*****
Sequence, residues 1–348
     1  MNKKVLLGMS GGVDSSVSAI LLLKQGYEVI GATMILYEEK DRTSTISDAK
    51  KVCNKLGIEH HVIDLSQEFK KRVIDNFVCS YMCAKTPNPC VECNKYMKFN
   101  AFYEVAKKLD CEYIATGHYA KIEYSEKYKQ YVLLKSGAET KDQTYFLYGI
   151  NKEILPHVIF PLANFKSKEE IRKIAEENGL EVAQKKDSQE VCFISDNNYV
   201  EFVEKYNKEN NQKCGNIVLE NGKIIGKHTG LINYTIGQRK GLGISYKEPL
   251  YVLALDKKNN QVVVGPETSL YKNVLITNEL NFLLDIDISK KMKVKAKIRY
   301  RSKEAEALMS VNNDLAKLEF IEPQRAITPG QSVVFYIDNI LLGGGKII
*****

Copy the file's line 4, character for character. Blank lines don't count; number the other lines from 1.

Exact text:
   101  AFYEVAKKLD CEYIATGHYA KIEYSEKYKQ YVLLKSGAET KDQTYFLYGI